Fresh tomatoes are one of the most common reasons why people start gardening. But what about planting a stir fry garden? You can grow everything you need for a delicious stir fry dinner right in your own backyard.
Stir frying (chǎo) is a Chinese cooking style that uses small amounts of “cold oil in a hot wok” to quickly stir a variety of ingredients into delicious, healthful goodness. If you don’t have a wok, you can do much the same thing in a skillet.
There are no rules!
The nice thing about designing a stir fry garden is anything goes. Whatever ingredients you prefer are the perfect choice. Assuming, that is, the plants are suited to your microclimate. In many cases, you can grow these ingredients in containers on a patio or balcony.
Your stir fry garden design is your own. That being said, raised beds make planting and caring for your stir fry garden much easier. The nice loose soil makes life easier for root systems and you don’t have to bend over quite so far when weeding. Before we start counting our chickens, however, let’s take a look at what you might want to plant in your stir fry garden.
Stir fry garden plant selection
Everyone has their favorite stir fry recipes. This makes plant selection easy. Simply start with what you like. Then, try adding one or two you’ve never grown or eaten before. Who knows, they may turn out to be new favorites! The most common plants chosen for stir fry gardens include:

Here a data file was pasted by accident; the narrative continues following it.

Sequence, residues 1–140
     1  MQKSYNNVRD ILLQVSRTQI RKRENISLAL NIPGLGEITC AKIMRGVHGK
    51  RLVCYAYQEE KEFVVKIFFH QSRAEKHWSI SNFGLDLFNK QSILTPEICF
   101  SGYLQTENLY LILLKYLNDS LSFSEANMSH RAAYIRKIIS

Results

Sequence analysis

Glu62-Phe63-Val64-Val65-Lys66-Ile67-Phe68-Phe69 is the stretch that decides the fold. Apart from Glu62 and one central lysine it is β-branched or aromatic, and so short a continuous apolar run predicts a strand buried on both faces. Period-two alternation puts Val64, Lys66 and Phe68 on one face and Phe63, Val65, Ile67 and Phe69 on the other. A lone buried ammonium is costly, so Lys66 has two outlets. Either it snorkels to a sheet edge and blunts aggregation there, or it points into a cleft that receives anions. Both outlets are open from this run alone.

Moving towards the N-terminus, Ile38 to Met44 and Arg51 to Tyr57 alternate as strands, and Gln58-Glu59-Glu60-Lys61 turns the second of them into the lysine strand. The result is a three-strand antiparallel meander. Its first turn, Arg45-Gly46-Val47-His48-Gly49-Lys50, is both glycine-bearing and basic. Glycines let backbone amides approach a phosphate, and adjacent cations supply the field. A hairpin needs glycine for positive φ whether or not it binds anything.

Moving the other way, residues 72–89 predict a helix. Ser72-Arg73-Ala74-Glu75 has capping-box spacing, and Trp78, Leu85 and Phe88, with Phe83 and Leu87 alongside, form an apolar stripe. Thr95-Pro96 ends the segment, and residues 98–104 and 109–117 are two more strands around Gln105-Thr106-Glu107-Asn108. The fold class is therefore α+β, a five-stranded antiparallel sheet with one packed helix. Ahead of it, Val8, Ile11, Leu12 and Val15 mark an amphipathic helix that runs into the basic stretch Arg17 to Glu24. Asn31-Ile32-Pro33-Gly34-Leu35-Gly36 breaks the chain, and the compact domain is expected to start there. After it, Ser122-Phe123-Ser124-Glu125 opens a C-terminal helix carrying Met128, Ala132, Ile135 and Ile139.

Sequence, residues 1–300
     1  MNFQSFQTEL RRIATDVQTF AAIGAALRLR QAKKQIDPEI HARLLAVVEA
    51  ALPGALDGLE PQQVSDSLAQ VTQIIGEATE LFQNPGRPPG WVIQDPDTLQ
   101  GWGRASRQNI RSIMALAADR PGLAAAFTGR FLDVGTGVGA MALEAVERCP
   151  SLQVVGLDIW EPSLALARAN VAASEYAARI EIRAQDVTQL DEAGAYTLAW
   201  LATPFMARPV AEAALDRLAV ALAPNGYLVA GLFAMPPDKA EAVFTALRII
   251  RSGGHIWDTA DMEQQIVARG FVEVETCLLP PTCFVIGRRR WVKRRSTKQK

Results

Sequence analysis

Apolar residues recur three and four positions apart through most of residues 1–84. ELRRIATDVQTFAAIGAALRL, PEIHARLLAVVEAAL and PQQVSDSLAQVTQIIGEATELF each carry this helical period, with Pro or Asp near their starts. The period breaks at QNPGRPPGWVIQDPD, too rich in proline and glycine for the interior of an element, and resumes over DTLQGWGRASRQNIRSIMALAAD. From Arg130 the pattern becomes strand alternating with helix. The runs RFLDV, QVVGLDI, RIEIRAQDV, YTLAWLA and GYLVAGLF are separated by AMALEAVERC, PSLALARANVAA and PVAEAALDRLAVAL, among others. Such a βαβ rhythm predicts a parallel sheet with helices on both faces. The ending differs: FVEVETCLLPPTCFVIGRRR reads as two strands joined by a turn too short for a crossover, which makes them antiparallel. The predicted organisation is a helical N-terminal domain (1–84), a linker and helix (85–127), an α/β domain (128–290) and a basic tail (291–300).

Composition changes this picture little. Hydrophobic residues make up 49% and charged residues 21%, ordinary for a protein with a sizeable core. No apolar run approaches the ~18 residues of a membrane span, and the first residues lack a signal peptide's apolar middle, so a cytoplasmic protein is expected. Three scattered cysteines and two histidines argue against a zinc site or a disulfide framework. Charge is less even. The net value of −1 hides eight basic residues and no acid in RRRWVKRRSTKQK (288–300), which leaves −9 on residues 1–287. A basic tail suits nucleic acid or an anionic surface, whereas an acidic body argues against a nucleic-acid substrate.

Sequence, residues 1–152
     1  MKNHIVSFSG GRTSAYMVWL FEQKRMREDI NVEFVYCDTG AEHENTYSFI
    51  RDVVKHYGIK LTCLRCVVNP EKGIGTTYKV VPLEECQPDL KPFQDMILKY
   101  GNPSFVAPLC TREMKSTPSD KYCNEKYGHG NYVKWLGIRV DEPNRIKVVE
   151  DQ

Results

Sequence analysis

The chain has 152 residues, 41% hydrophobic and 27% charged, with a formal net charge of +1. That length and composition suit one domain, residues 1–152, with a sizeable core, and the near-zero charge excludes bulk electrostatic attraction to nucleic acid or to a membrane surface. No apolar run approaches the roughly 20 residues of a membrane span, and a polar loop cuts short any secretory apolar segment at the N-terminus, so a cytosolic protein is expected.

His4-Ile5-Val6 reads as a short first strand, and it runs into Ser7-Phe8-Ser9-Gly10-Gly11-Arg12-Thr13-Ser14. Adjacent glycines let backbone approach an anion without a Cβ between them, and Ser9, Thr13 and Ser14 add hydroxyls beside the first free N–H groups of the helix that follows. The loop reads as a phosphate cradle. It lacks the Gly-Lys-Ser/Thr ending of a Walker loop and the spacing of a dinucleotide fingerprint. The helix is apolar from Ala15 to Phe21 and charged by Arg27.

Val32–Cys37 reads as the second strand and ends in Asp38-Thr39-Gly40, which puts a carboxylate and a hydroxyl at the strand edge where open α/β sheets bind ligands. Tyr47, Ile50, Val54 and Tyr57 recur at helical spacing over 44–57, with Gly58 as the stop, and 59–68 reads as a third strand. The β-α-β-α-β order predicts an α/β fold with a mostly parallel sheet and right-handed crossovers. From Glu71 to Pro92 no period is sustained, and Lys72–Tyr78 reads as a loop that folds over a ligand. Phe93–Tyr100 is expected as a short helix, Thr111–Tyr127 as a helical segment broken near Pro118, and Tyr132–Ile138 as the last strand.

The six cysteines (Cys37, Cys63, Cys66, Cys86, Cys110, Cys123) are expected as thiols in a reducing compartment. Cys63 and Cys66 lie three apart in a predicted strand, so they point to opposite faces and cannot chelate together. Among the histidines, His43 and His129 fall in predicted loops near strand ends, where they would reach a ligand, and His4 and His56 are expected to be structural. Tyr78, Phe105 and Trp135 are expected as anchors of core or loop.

Some of these plants grow best in summer, while others prefer California’s wet winter weather. Each Hardiness Zone and microclimate is unique, as far as planting times and days to maturity. You can click on the links above for planting instructions and potential pest and disease problems.
Bon appétit and happy planning!
Freshly mown lawn, twittering birds, brightly colored flowers, the crunch of a mulched path under our feet - these garden components create a more enriching experience by waking up our senses. You can make more of your landscape with a sensory garden.
Most garden designs are based on visual experiences or crop production. Sensory gardens are designed with the five senses in mind. A fuzzy leaf, a fragrant herb, and plants that attract song birds are just skimming the surface of this sensory garden experience.
Gardens and good health